Wright State alumna Hannah Beachler recently set the stage, winning multiple awards for her production design on Beyoncé’s album “Lemonade” and for the movie “Moonlight.”
Beachler, a 2005 graduate of Wright State’s Motion Pictures program, will discuss her work and answer questions from the audience following a screening of “Moonlight” Sunday, Feb. 19, at noon at The Neon in downtown Dayton.
Tickets are $7.50 for adults and $5 for college students. Attendees are encouraged to buy tickets in advance. The event is sponsored by the Bolinga Black Cultural Resources Center.
W. Stuart McDowell, professor and artistic director in the Wright State Department of Theatre, Dance and Motion Pictures, will also participate in the talkback session with Beachler.
“She will bring her experience, wisdom and a reality check for our students,” McDowell said. “As well as being an inspiration to young female artists and workers in motion pictures, young African-Americans — a minority in motion pictures because it’s a white male-dominated industry — Hannah is blazing the trail for young, African-American, female production designers.”
Beachler won a 2017 Art Directors Guild Award for excellence in production design and art direction for her production design on “Lemonade.”
She was also the production designer on “Moonlight,” which won the Golden Globe Award for Best Motion Picture, Drama, and is nominated for Best Picture in the Academy Awards.
She has worked as the production designer on “Miles Ahead,” a biographical film based on the life of jazz musician Miles Davis; “Creed,” the seventh film in the “Rocky” series; and “Fruitvale Station,” which won the Grand Jury Prize for Best Film and the Audience Award for Best Film at the Sundance Film Festival in 2013.
Beachler is currently working as the production designer for the new Marvel film “Black Panther.”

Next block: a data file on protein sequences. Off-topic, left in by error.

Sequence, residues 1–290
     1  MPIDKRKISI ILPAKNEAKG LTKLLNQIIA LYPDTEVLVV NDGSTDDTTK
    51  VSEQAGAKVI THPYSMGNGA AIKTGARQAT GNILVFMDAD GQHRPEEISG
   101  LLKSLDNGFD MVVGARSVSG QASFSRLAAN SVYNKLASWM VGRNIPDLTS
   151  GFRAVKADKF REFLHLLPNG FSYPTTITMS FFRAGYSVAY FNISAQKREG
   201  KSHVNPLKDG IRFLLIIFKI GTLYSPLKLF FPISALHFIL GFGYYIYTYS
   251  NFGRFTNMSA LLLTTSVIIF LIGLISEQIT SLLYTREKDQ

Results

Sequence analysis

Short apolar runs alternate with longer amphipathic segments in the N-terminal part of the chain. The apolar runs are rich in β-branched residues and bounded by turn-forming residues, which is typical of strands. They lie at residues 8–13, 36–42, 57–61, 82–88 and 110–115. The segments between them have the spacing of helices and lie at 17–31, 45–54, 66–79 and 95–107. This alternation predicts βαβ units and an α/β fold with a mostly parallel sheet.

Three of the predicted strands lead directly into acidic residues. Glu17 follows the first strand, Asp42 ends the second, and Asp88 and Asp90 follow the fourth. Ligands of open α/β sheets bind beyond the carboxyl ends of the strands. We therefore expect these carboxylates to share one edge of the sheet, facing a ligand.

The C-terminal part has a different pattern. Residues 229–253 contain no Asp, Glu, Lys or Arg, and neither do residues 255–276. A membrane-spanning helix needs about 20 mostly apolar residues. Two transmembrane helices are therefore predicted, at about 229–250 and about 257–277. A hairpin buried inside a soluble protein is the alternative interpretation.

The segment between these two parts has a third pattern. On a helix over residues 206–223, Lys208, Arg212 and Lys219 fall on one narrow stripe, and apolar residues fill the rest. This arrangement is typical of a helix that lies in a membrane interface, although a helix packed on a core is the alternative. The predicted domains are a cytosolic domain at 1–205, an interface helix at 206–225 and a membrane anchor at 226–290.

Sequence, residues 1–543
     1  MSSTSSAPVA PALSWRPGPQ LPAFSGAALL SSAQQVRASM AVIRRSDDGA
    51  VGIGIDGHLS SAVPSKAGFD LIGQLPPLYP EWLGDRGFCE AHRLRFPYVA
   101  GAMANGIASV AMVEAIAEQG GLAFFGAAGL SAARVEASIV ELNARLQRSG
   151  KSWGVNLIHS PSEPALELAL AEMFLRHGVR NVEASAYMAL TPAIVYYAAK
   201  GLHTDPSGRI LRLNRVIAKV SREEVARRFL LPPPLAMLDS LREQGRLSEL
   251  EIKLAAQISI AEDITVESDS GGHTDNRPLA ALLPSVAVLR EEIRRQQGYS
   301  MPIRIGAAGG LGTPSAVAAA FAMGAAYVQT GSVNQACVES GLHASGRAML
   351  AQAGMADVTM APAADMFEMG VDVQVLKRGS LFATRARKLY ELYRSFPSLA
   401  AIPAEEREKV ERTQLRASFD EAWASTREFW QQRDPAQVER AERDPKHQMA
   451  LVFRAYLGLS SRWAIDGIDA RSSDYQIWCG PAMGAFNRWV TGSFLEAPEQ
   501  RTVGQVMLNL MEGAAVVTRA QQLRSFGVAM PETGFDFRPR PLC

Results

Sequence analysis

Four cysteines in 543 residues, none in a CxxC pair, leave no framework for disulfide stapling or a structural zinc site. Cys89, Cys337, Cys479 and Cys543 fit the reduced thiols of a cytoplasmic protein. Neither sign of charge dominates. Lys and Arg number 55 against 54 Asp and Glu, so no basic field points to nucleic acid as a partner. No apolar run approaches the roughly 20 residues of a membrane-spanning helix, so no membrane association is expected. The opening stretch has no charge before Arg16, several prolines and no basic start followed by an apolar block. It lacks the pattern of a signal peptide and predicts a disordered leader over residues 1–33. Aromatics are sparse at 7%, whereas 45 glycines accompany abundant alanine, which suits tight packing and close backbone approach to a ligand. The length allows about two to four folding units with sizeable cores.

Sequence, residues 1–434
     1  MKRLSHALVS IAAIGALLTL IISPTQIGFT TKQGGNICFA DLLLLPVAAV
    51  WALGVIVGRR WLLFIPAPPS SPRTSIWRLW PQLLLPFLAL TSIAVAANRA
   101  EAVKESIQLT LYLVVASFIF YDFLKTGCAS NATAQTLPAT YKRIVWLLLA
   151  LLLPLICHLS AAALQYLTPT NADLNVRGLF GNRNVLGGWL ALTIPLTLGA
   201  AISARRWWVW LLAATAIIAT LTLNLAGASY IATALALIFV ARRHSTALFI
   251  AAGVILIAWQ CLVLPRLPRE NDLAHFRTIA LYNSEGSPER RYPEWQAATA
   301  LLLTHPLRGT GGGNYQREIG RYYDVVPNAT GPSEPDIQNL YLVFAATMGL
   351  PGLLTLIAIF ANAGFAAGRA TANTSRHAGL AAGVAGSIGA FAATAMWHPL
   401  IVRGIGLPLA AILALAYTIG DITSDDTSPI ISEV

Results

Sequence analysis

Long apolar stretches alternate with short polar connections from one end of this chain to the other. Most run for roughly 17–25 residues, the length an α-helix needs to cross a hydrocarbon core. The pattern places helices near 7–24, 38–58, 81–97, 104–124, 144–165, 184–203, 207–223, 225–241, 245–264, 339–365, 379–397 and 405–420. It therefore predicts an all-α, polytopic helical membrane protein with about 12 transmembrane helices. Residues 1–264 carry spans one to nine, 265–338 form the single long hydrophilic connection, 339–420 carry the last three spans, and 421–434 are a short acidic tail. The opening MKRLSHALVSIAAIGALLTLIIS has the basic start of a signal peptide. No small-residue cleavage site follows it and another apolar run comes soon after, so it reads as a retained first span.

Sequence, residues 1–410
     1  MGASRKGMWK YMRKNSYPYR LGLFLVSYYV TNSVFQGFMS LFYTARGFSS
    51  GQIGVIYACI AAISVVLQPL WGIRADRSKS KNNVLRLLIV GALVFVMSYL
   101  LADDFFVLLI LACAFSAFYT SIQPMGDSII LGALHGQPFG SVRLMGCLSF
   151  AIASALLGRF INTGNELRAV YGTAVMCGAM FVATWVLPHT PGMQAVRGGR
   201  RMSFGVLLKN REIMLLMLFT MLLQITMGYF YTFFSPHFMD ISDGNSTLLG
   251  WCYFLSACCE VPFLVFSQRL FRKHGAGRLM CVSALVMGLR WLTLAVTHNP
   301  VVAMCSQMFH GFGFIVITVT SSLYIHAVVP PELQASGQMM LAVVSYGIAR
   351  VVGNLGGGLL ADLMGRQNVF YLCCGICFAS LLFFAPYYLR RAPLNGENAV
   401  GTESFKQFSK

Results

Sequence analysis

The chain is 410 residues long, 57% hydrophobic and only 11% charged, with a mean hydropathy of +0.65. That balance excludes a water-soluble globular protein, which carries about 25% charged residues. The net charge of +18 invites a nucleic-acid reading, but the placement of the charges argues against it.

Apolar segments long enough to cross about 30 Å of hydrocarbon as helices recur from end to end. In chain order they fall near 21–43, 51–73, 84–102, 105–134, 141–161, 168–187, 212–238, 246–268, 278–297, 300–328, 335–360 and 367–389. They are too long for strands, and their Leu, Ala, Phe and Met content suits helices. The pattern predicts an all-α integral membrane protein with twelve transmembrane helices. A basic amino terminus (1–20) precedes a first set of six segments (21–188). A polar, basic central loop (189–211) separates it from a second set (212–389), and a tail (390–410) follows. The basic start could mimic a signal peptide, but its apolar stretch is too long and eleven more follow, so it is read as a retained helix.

Beyoncé’s “Lemonade” centers on an emotional journey of feeling alienation and betrayal to ultimately extending forgiveness. Beachler said she interpreted the album as a way of “reaching back into a time period that was not a place that holds fondness for African-Americans. We wanted to flip it on its head, make it a place of knowledge and peace, which was also the best part about it.”
“I loved designing for a strong woman of color on such a bold, original artistic expression,” Beachler told Dayton Most Metro.
Beachler’s success in Hollywood is a reflection of her work while she was a student at Wright State. Her journey from Centerville to Hollywood has been one of passion and hard work.
“Her success has shined because of her willingness to be resourceful, giving a voice to something unique and finding her inner passion,” said McDowell.
“Moonlight” portrays the story of a young black man as he struggles to find his place in the world while growing up in a crime-filled neighborhood of Miami.
“It’s relevant to the human condition,” said Jonathan McNeal, manager of The Neon and a graduate of Wright State’s Motion Pictures program.
McDowell highlighted Beachler’s work on “Fruitvale Station,” with no budget, and “Moonlight,” which he described as one of the lowest budgets for a film ever nominated for best production of the year.
“It’s a narrative film, based on the experiences of the director and writer,” he said, adding, “It speaks to the issues of everybody. It particularly speaks to me, but it will profoundly speak to the black community.”